Recently there have been rumours that the next version of Windows will move the whole platform completely over to 128-bit architecture, dumping 32 and 64-bit compatibility completely.
This first came about because of a news story broken by Microsoft Kitchen a few days ago in which Robert Morgan, a senior research and development officer at Microsoft posted the following on his LinkedIn profile.
Senior Research & Development
Public Company; MSFT; Computer Software industry
January 2002 – Present (7 years 10 months)
Working in high security department for research and development involving strategic planning for medium and long-term projects. Research & Development projects including 128bit architecture compatibility with the Windows 8 kernel and Windows 9 project plan. Forming relationships with major partners: Intel, AMD, HP and IBM.
Since then the sweaty masses have, frankly let their imaginations run away with themselves so I thought we needed to look at the situation more objectively, fact by fact.
It’s true that AMD and Intel are working on 128-bit chips, this is something that’s been out there for a while now. But Windows 8 can’t possibly be 128-bit only. The reasons for this are as follows.
Windows 7 is still, sadly, saddled with 32-bit compatibility. This is despite the fact that almost every modern processor supports true 64-bit computing. This is purely to maintain compatibility with older software (primarily in Microsoft’s most important market, business). XP Mode, the virtualisation plug-in that allows you to run older software in a licensed copy of XP, goes some way towards addressing this and many people are hoping that 32-bit support will be dropped from Windows 8 completely. Sadly though, it can’t happen.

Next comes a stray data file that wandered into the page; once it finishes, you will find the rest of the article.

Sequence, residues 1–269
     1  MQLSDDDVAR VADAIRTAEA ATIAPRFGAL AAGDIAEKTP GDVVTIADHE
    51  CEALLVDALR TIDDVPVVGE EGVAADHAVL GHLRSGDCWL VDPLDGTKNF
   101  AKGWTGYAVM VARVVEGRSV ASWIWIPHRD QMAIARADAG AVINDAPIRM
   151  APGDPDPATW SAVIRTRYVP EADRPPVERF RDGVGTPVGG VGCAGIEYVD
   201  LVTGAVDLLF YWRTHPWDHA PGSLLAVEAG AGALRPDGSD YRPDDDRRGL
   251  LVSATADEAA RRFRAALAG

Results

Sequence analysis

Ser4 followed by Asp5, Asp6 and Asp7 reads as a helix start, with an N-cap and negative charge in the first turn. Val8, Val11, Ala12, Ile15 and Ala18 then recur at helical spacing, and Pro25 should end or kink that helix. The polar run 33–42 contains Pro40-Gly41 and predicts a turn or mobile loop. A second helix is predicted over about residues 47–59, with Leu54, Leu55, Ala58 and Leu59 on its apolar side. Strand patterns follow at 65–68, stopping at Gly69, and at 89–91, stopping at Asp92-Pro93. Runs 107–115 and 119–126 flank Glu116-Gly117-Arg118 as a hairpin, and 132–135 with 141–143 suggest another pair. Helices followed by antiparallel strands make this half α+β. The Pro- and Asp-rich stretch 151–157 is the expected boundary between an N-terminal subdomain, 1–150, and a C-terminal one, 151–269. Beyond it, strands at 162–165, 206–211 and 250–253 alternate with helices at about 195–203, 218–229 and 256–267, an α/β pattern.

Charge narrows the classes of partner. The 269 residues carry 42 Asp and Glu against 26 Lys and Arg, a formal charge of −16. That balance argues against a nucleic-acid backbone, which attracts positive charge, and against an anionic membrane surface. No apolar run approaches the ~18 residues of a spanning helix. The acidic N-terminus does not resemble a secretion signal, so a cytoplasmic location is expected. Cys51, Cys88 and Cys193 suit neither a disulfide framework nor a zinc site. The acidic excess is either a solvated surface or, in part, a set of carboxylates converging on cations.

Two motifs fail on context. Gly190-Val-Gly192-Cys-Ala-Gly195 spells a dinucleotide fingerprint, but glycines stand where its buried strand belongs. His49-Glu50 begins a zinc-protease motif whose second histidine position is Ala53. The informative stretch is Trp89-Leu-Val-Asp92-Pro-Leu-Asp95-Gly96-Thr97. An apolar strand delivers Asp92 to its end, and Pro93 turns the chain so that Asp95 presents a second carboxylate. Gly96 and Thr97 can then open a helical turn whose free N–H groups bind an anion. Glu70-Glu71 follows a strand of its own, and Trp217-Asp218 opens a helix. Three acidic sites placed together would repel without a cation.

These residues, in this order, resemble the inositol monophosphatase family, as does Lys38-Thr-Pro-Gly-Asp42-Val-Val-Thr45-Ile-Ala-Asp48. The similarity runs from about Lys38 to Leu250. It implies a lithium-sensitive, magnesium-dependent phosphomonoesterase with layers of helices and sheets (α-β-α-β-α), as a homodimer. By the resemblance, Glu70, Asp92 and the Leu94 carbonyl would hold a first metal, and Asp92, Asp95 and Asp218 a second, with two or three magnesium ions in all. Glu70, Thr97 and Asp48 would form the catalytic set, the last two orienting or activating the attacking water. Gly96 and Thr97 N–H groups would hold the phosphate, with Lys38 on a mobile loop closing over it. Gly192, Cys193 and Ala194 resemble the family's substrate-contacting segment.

This is because in order for XP Mode to work you need hardware virtualisation support on the motherboard and nowhere near enough motherboards yet support this. By the time Windows 8 comes out it’s possible that all motherboards will, but Microsoft have to get started on Windows 8 code now, and they can’t guarantee this will happen.
It is for exactly the same reasons why Windows 8 can never be 128-bit only. By the time the technology is mature enough Windows 8 will be ready to launch but the cost of the chips will still be extremely expensive. They will, I predict, only be used in server farms for hard-core virtualisation tasks on servers.
It’s much more likely that Windows 8 Server will offer full support for 128-bit architecture and that the feature will then be ported to the business and consumer editions of Windows for Windows 9.
The move to 128-bit in itself isn’t such a big job, but it becomes a nightmare when you consider that you also have to maintain compatibility with 32-bit applications. I can’t foresee a situation where we can have an operating system that supports 32, 64 and 128-bit code simultaneously while still remaining stable. The only reason that Windows 8 Server could support it is because the 32-bit legacy support has already been dropped from Windows 7 Server.
For all the people who want to see 128-bit support in Windows 8, forget it. Frankly you wouldn’t get any benefit from it at all anyway. No software will be written to support it for years to come, full 64-bit support in software is only beginning to appear now, and it will offer the average user or gamer no additional benefits over the 64-bit architecture you already have.
Unless and until the whole computing experience we use in our daily lives demands a move to such technology, it will remain in the server farms of the future.